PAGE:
hater detector willingly and happily eats this terrine. That, to me, is a good dish!
Where to get certain ingredients online:
- 1 lb/ 454 g chicken livers, rinsed and soaked for 30 minutes, then pat dry with kitchen paper towels
- 10 g/ 0.4 oz or ⅓ cup dried sliced mushrooms, soaked in ⅓ cup hot water until softened
- 1 whole leek, sliced thinly
- 15 slices/ 1 pack low sodium bacon (chop 3 slices, reserve the rest for lining the terrine)
- 2 cloves garlic, crushed
- 1 tsp dried thyme
- ½ tsp ground clove
- 1 pinch mace
- 1.5 tsp salt (reduce if turkey meat is heavily seasoned)
- 300 g/10.6 oz or 2 packed cups cooked and shredded turkey meat
- 12 - 16 unsulfured dried apricots, chopped
- ½ cup warm bone broth mixed with 3 g or ½ tbsp gelatin
- ¼ cup bone broth
- Preheat the oven to 325°F/ 165°C.
- Trim the chicken livers of gristle and ducts, sprinkle lightly with salt, then set aside
- Squeeze mushrooms dry and chop finely, then set aside. Reserve soaking water.
- Heat a frying pan over medium heat and saute sliced leek, chopped bacon and chopped mushrooms for 5 minutes, then add crushed garlic and saute for another minute or until garlic is fragrant.
- Stir in the mushroom soaking water, reduce the heat slightly and cook until liquid has evaporated, around 5 minutes. Remove and set aside.
- Increase the heat to medium and cook the chicken livers in a single layer for 2 minutes per side, in 2 separate batches if necessary, then remove and set aside. (It's okay if it doesn't sear)
- Transfer the leek, mushroom and bacon mixture to the food processor, and add in the cooked chicken livers.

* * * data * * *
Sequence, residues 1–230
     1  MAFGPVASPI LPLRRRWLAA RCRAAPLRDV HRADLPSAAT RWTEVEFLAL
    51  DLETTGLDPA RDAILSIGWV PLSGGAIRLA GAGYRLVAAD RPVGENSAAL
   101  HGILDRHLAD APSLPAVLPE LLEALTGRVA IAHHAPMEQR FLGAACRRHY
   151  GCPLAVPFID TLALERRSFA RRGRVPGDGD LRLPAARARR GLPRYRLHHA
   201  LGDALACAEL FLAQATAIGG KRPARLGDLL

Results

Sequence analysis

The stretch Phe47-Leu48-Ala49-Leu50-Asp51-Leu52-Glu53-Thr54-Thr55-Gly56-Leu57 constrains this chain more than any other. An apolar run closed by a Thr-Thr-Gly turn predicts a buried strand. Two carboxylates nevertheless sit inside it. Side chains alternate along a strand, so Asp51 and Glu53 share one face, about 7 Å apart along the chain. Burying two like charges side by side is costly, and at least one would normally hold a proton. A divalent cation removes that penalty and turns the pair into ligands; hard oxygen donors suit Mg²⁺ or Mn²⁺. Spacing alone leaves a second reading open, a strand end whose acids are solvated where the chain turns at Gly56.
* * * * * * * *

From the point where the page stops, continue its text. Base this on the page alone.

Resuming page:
- Add in the dried thyme, ground clove, mace, salt, shredded turkey meat, and half of the chopped dried apricots.
- Pour in the bone broth with gelatin mixture and blend, adding in the additional ¼ cup bone broth bit by bit as needed until relatively smooth. Pulse in the remaining apricots.
- Line a 9 x 5 inch (23 x 13 cm) loaf pan crosswise with 9 strips of bacon (overlapping slightly), ensuring that the bacon strips hang over both lengths of the pan, then scoop the blended mixture in and smooth with a spatula.
- Place the remaining 3 strips of bacon lengthwise over the top and fold over the overlapping bacon.
- Cover with foil and place in a larger baking pan.
- Fill the baking pan with enough hot water to come up to the midway level of the loaf pan.
- Bake for 2 hours.
- Remove from the oven and hot water bath, allow it to cool until safe to touch
- Remove the foil and replace with a fresh sheet of foil, pressing to fit against the surface of the terrine
- Weigh the terrine down with a weight (I used glass bottles of oil stacked on top, followed by a heavy book) for at least an hour
- Transfer to the fridge (weights optional, use something heavy that can be refrigerated!) to chill overnight or for 24 hours.
- Unmold by running some hot water over the sides of the loaf pan before inverting onto a serving platter.
Serving suggestions: A slice on salad, spread on jicama, watermelon radishes, melons, cucumbers, apples...